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Tuesday, 14 May 2013

Dez Skinn reveals the origins of Vulcan (the comic, not the Star Trek planet)

Longtime British comics fan and indie publisher David McDonald, whose projects under his Hibernia Comics imprint include One Eyed Jack and the Death of Valiant and a fab Doomlord strip collection, writes to tell us he is busy working on his next Comic Archive title, provisionally titled Beyond 2000.

In the process, he's gathered a motley assemblage of interesting material, some of it he's unable to find space for in the final Archive - so is instead running items of note on his blog and Facebook page, starting with this fascinating piece about the 1970s Vulcan comic, which he's kindly given us permission to publish on downthetubes.

Vulcan was a weekly comic published by IPC from 1975 to 1976, reprinting strips such as Mytek the Mighty, Trigan Empire and Steel Claw from other IPC titles. Unusually, the comic was originally published only in Scotland, but switched to nationwide publication after 30 issues, lasting for 28 more issues before merging into Valiant.
Bizarrely, longtime editor Dez Skinn, who was working at IPC when Vulcan was published, tells David Vulcan wasn't really an IPC product.

"In his spare time [Valiant editor] Sid Bicknell put it together editorially for Europe, with Jan Shepherd as art editor.

"It came about because Syndication International was making an absolute fortune for IPC by selling Fleetway strips abroad," Dez reveals, "even though their success was foolishly never costed into the viability of titles. So some bright spark had the idea of selling an entire comic to foreign publishers, instead of individual strips. The big gimmick being the low cost price to each because they'd all be printed at the same time (in Italy, I think).

"So it was an early co-production for various countries (hence all the words, including the cover masthead were in black, so the fifth (language) plate could be changed easily when printing all at the same time for different languages without need to change any of the colour plates. They'd print off from the full four colour plates for everybody including a black artwork plate, giving it a print run beyond a million, then overprint different languages from a second black plate, a different one for each individual territory.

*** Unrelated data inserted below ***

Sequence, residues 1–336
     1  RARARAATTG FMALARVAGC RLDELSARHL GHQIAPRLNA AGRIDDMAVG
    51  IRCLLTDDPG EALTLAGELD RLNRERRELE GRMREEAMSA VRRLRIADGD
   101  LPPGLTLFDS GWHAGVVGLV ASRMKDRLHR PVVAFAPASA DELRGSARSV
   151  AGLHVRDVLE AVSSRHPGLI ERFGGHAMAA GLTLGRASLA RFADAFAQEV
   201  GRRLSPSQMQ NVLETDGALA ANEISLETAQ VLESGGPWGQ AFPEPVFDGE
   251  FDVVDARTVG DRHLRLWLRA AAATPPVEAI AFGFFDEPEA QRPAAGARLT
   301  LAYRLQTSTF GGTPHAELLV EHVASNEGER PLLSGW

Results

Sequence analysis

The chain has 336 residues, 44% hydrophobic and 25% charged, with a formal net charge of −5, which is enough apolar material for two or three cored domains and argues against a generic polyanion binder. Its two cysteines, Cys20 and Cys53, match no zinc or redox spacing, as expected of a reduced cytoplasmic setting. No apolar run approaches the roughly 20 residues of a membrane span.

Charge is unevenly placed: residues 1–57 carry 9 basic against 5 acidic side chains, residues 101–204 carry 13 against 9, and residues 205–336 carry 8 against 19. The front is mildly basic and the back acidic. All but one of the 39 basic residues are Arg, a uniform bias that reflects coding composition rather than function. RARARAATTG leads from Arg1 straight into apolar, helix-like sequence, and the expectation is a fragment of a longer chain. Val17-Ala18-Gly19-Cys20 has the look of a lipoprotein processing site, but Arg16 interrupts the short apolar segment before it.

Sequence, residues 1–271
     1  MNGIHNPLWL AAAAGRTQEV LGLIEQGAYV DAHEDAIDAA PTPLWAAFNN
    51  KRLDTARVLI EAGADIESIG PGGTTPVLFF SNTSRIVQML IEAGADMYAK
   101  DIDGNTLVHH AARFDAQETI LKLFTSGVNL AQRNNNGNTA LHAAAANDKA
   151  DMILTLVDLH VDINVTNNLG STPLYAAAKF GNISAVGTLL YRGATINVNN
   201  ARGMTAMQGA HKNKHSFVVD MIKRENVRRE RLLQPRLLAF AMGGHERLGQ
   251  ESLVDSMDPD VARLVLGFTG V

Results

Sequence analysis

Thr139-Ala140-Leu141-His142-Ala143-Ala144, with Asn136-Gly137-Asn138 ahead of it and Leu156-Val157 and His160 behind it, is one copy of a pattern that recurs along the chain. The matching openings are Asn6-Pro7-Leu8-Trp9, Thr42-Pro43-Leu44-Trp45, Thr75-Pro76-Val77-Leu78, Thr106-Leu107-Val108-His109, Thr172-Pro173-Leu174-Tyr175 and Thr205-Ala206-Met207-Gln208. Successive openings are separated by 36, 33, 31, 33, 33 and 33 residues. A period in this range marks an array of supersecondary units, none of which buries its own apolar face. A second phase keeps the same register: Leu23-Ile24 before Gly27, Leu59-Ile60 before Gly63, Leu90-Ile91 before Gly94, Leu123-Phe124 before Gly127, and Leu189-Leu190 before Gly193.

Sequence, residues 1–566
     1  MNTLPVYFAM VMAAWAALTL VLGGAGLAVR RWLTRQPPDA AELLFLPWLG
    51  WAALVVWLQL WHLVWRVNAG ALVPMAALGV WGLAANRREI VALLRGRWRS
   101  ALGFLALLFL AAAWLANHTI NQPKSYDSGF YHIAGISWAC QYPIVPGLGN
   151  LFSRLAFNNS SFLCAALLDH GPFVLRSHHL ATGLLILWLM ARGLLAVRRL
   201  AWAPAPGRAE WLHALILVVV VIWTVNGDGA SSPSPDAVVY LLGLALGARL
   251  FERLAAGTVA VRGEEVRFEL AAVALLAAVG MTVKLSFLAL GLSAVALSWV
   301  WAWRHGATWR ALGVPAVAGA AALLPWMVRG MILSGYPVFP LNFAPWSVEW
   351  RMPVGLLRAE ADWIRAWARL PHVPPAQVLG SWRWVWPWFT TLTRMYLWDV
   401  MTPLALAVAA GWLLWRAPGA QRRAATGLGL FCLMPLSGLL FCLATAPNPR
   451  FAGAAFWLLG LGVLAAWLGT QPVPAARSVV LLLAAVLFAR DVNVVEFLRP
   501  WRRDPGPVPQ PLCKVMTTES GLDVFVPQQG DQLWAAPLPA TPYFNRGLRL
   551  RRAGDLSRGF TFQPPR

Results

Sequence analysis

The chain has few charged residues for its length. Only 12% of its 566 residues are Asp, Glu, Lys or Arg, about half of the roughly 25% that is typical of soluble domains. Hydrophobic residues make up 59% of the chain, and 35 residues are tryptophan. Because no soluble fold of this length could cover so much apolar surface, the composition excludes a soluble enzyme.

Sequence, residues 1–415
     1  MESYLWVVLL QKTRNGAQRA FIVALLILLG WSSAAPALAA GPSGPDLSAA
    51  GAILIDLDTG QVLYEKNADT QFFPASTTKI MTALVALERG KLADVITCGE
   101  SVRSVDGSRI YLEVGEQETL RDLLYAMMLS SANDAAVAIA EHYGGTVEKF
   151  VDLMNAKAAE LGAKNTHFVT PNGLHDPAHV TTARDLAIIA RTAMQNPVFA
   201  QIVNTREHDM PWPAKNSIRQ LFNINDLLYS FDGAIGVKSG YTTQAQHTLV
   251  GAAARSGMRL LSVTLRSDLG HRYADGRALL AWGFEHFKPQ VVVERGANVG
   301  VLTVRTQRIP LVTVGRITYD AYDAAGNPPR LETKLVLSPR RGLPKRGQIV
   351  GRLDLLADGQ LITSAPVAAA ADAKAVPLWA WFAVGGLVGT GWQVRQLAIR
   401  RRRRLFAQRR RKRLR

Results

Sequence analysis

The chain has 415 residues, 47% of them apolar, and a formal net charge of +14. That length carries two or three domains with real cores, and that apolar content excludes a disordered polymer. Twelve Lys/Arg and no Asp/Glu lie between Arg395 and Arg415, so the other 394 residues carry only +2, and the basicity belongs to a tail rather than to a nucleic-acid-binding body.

"This way, you could have a full colour comic, even in a territory which could only support a print run of only 25,000 or so. (Very cost effective).

"Because it was so cheap (and nasty, on horrible flimsy paper which usually fell apart at newsagents), it was an easy job to run-on copies in English for the UK with a ridiculously low breakeven, provided it sold well enough abroad to keep going. I seem to remember the German edition, Kondor, proved very popular. 
 
"But it wasn't liked in-house, not being a "proper" comic, with no full time staff or any origination, and on that awful cheap paper! Everybody felt it undermined their work, being a cheap little reprint, the thin end of the wedge, and Sid and Jan weren't very popular for agreeing to do it.

... so now you know!"

• Keep track of Hibernia Comics releases at http://hiberniabook.blogspot.co.uk
 
• Visit Dez's excellent site dezskinn.com for the lowdown on all his titles

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